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O18 - Cancer Control and Epidemiology II (ID 133)
- Event: WCLC 2013
- Type: Oral Abstract Session
- Track: Prevention & Epidemiology
- Presentations: 1
O18.07 - A Retrospective Cohort Mortality Study in Jingchuan of china - the Largest Nickel Population in World (ID 94)
10:30 - 12:00 | Author(s): Y. Zhang
Nickel is an essential trace metal used in the occupational setting and is naturally found in the general environment, resulting in both occupational and nonoccupational exposures to individuals at varying levels. Exposure to nickel has been associated with several toxicites and the International Agency for Research on Cancer has concluded that there is sufficient evidence in humans associating exposure to nickel or nickel compounds with risk of lung cancer. We evaluated overall and cause-specific mortality among Chinese workers involved in nickel production or utilization in order to examine the long-term health effects of occupational exposure to nickel compounds.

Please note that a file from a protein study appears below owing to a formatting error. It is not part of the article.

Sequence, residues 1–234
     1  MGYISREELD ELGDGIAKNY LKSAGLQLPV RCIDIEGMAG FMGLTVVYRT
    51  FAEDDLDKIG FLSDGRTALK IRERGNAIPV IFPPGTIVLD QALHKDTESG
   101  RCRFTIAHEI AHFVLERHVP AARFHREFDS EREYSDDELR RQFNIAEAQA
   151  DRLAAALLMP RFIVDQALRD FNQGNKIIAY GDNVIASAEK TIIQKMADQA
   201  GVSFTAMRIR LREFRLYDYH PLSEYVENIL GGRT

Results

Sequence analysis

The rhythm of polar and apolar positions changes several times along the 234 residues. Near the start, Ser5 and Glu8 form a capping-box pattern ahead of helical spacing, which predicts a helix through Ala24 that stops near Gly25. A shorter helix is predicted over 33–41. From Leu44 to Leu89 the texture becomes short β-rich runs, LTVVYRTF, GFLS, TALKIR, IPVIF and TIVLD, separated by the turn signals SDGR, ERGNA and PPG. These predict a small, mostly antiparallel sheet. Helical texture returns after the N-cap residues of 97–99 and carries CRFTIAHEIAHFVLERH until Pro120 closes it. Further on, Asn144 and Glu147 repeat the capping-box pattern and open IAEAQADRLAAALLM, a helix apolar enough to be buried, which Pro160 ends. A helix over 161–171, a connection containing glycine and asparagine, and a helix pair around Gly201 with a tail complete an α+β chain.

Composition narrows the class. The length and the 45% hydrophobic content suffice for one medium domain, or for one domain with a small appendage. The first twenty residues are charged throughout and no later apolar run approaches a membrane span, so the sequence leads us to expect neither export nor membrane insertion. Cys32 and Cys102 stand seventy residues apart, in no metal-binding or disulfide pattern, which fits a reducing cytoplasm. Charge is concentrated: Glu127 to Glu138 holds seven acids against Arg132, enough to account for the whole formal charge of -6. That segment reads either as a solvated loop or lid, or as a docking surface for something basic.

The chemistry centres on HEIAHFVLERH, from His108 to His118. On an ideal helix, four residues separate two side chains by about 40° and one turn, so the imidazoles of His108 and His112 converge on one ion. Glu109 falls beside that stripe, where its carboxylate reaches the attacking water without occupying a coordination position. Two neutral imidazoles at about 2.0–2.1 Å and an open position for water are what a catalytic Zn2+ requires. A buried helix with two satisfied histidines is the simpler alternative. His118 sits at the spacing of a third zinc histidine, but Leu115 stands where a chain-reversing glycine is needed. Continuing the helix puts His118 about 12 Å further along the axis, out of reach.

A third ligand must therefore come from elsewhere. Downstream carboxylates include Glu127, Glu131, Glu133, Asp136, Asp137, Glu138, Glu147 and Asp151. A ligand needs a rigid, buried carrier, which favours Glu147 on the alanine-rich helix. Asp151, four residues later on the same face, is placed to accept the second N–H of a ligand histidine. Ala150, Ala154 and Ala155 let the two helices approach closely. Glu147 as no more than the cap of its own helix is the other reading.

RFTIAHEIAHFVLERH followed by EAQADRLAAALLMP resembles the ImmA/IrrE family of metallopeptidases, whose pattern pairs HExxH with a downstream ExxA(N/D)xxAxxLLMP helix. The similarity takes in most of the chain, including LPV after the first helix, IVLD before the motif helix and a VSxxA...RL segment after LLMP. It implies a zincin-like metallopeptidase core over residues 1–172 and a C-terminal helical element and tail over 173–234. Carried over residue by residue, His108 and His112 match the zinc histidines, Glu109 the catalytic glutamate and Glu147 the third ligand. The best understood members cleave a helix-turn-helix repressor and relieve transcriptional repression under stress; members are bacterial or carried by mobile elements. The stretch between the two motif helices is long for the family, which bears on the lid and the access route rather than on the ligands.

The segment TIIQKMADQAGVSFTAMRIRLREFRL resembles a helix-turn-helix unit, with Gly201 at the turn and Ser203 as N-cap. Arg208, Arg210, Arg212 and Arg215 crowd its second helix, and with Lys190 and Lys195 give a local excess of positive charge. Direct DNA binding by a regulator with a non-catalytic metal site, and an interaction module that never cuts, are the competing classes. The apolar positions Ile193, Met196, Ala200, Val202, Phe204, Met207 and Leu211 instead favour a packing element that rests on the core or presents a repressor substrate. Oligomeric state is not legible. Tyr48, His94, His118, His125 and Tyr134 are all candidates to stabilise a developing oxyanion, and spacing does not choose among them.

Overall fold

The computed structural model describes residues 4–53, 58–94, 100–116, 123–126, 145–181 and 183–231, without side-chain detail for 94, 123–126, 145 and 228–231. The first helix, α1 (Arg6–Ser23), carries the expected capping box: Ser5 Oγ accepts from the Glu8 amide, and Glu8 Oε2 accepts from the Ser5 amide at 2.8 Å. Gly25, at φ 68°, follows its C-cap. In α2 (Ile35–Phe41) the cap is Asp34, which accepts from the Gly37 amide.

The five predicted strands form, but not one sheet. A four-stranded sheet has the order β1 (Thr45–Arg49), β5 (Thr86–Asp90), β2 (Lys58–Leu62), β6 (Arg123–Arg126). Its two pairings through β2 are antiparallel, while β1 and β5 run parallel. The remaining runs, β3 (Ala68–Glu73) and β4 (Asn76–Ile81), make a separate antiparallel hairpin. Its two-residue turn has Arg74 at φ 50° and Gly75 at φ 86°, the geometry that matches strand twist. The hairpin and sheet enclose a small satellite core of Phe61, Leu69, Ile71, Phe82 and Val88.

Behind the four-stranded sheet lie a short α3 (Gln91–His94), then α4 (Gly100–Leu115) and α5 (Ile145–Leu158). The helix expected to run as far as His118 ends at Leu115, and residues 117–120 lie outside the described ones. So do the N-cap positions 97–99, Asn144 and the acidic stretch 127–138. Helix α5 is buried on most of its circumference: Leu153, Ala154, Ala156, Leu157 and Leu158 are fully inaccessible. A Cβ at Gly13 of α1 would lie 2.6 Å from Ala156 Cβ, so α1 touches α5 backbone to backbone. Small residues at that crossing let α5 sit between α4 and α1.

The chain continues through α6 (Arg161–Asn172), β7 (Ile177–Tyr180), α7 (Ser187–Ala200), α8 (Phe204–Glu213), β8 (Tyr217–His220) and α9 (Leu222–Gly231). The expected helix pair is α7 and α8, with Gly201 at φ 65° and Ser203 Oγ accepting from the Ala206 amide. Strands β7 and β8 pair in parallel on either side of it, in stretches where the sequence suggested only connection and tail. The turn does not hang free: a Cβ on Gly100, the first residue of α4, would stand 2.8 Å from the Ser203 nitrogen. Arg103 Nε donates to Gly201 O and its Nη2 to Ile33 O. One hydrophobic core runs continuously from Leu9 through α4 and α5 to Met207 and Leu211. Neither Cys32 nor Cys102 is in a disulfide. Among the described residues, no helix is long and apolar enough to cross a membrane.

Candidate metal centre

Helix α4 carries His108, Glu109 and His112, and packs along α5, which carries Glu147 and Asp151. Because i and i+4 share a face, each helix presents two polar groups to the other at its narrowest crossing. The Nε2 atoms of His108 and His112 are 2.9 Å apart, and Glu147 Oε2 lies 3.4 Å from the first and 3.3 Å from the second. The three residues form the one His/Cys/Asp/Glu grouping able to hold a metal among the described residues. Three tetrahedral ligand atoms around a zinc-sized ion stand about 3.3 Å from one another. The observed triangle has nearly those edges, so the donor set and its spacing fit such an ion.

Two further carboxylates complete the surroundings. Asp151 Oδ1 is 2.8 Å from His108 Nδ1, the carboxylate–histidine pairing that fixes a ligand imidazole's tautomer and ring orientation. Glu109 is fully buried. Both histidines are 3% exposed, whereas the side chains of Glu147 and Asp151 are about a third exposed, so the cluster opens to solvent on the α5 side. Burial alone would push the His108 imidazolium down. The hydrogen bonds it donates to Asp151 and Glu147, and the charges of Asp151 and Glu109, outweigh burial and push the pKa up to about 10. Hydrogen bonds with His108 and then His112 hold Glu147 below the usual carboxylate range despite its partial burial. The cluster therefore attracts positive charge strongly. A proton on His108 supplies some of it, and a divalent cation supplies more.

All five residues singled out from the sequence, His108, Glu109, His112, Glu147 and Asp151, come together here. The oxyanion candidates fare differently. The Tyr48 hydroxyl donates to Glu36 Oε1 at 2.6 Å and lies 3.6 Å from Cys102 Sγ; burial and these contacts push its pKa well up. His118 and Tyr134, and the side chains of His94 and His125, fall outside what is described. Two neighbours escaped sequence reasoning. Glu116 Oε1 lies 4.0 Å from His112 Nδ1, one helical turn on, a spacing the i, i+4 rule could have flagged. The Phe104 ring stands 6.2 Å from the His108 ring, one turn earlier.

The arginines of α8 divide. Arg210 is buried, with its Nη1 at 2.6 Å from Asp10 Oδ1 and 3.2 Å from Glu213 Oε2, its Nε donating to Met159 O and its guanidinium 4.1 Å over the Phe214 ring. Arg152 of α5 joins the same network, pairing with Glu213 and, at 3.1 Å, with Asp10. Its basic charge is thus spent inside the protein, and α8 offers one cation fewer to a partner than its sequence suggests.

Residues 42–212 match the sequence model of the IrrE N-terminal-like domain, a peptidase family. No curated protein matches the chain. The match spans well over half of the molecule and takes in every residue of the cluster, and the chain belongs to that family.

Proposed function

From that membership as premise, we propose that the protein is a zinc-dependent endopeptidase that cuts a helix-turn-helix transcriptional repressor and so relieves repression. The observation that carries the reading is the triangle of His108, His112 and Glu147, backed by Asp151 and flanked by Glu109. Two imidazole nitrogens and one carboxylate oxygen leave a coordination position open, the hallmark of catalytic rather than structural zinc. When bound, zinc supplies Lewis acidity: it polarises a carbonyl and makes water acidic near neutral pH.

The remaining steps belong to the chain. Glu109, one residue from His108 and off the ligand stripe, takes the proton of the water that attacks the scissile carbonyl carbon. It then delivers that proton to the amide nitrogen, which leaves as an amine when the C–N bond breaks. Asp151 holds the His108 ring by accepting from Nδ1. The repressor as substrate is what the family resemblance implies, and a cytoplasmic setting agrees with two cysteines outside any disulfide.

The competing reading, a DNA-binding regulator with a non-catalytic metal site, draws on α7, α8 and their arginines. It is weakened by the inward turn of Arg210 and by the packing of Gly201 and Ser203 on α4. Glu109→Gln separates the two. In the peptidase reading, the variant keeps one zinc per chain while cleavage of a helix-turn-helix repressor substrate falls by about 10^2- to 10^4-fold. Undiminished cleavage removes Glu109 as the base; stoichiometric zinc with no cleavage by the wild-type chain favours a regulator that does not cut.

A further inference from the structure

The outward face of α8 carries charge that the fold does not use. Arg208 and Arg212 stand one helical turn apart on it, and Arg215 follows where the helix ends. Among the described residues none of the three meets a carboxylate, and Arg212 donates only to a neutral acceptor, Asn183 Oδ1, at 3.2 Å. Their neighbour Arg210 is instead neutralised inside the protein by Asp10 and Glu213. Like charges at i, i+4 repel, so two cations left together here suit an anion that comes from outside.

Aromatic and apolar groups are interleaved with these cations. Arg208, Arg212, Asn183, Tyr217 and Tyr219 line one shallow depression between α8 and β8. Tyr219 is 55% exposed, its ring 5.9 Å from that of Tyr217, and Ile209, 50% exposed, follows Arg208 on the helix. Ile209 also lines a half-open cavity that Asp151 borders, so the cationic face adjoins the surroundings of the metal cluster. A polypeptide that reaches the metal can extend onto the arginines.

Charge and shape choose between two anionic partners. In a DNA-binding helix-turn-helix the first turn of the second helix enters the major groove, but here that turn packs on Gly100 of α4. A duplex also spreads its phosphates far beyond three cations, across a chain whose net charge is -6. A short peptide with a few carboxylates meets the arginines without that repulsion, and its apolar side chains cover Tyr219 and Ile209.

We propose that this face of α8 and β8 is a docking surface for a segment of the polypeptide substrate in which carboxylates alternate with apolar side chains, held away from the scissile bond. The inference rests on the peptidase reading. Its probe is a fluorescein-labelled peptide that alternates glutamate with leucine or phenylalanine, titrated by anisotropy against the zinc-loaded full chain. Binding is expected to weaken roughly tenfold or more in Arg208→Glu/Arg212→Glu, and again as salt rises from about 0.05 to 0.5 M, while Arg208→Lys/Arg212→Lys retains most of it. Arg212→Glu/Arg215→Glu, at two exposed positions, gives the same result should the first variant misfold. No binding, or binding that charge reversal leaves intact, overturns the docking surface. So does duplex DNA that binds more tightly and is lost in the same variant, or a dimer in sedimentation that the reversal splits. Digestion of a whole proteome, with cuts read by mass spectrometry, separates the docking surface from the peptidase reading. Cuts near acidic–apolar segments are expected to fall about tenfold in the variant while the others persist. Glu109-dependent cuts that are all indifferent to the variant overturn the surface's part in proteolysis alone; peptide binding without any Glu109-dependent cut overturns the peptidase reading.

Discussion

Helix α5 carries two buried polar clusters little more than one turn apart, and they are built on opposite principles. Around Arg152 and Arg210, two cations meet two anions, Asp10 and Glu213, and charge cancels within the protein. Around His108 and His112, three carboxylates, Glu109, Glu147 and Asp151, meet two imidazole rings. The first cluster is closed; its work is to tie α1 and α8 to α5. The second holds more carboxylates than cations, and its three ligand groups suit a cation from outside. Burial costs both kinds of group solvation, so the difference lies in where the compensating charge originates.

The study design was a retrospective cohort mortality study including 432,526 workers who were involved with nickel mining or smelt between 2001 and 2010. We calculated standardized mortality ratios (SMR) using the death rates of Gansu Province in China, and estimated by the exact probabilities of the Poisson distribution.
Overall, the all-cause mortality was decreased in all workers compared to the general population of Gansu province (SMR= 0.53, 95%CI: 0.51-0.55). Analyses examining cause-specific mortality revealed an increase in the mortality from bronchogenic carcinoma and lung cancer (SMR = 2.05, 95% CI = 1.84-2.29), cor pulmonale (SMR =4.08, 95% CI = 3.25-5.01), and silicosis (SMR = 13.59, 95%CI =11.90-15.52) in the workers exposed to nickel.
This study confirmed a significant excess of mortality from diseases of the lung including silicosis , lung cancer, and cor pulmonale among workers involved in nickel mining or smelt in China.